Victorian Art & Design
Windows by William Morris, Madox Brown and Rossetti

    William Morris's most popular designs were his St. Peter and his Minstrels
     In churches the minstrels had wings to turn them into angels, in houses they did not. Does this window detail come from a church or a house?

In the 1860s, the main work of Morris's firm was stained glass. 
 During this time Burne-Jones, William Morris, Madox Brown and Rossetti all designed windows for the firm, though Burne-Jones designed the most.

Ford Madox Brown's designs are sometimes more suited to a painting than to the mosaic effects needed for stained glass.   An example of this is his Moses in the Bullrushes at Meole Brace in Shrewsbury. He also liked to depict strong emotions, as in his Supper at Emmaus at Troutbeck, shown here.

Rossetti took little trouble to make his designs suitable for the glass cutter.  He once said, 'Anything will do for stained glass.'  His Legend of St. George can be seen at the V & A, at Birmingham Art Gallery and at Cragside, a National Trust house in Northumberland.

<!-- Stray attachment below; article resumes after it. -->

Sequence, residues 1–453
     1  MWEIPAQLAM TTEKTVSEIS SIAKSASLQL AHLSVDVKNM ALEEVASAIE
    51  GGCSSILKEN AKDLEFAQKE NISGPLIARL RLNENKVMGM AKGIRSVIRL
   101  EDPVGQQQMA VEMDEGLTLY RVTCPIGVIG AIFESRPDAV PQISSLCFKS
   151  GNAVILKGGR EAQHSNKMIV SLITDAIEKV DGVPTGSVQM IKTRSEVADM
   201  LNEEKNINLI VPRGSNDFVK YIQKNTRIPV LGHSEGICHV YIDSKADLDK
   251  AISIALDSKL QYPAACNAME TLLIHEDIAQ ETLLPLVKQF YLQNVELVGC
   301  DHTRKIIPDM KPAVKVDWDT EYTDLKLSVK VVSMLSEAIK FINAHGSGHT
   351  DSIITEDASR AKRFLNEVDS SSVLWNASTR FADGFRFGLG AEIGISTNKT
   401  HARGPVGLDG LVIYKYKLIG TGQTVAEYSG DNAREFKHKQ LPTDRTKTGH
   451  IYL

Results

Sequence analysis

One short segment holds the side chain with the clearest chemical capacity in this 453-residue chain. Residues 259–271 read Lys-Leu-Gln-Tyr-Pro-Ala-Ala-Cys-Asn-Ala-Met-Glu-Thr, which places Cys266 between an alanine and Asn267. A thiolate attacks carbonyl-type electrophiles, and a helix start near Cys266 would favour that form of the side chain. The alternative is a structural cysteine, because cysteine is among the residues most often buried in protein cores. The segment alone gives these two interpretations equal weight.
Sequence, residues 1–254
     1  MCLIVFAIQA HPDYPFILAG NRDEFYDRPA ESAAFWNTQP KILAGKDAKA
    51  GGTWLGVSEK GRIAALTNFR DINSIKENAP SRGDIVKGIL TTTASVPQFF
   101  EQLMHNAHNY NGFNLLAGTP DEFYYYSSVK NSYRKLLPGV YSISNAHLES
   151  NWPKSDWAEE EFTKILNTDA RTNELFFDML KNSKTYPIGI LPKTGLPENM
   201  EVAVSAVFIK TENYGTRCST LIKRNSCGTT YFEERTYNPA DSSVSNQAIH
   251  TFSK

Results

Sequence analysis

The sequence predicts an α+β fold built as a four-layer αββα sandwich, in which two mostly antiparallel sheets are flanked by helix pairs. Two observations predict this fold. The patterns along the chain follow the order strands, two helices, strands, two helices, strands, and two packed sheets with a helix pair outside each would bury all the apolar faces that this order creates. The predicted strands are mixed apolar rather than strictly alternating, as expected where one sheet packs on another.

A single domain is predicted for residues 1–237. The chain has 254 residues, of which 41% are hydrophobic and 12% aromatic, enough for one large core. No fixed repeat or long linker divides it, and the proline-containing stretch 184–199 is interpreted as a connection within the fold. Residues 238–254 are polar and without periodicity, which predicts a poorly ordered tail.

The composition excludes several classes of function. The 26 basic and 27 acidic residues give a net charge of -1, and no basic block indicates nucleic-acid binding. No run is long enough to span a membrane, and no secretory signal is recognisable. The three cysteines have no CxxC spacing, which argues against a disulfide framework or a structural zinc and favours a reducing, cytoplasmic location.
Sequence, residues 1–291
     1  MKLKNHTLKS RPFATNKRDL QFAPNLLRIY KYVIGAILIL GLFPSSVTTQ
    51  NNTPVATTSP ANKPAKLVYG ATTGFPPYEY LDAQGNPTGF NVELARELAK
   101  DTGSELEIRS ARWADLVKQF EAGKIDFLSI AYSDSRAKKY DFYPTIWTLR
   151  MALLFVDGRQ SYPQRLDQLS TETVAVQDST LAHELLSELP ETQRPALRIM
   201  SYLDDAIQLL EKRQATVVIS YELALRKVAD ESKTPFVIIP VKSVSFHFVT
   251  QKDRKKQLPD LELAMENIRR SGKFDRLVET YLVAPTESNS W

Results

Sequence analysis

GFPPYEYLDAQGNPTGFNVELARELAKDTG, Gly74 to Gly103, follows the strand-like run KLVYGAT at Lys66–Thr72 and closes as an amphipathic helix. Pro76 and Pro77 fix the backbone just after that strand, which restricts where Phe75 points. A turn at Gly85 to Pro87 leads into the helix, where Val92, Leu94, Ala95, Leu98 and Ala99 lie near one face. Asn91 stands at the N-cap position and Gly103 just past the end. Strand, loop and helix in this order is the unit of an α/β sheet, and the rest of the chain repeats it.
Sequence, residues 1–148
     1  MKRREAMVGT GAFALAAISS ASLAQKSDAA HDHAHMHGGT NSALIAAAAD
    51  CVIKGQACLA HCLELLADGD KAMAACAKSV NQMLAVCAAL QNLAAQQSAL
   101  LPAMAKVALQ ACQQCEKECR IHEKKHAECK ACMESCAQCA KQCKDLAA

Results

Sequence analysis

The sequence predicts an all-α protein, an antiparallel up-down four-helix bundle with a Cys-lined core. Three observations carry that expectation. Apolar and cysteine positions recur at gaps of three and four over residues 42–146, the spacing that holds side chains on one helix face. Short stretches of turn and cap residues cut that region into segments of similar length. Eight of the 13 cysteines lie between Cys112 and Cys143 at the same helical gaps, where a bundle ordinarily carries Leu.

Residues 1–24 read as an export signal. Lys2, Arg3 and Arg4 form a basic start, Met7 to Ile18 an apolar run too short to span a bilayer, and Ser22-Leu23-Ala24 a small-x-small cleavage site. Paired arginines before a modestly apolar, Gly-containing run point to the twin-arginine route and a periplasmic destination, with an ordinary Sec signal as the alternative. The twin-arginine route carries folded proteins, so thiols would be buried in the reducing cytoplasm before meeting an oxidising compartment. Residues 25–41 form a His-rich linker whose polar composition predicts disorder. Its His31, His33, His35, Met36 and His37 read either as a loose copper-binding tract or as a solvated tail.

The Supper at Emmaus

The work of Morris, Madox Brown  and Rossetti can be seen at All Saints, Selsley near Stroud, the first church decorated by the firm.   This also has glass by Philip Webb who liked designing animals.

Middleton Cheney and nearby Banbury both have magnificent east windows from the 1860s.  Both have  pairs of figures.  At Middleton Cheney the figures are by Morris, Madox Brown and by the Jewish artist, Simeon Solomon and other windows are by Burne-Jones and Madox Brown.  (These windows and those at Selsley are described in Ann S. Dean's Burne-Jones and William Morris.) This book also describes Burne-Jones's windows in Oxford.

In 1874 Morris took sole control of the firm, now officially named Morris and Co. Morris now devoted all his attention to designing patterns and most of the figures in the windows were designed by Burne-Jones.
Burne-Jones's Vyner Memorial Window

Windows by Morris, Burne-Jones and Madox Brown at Brighton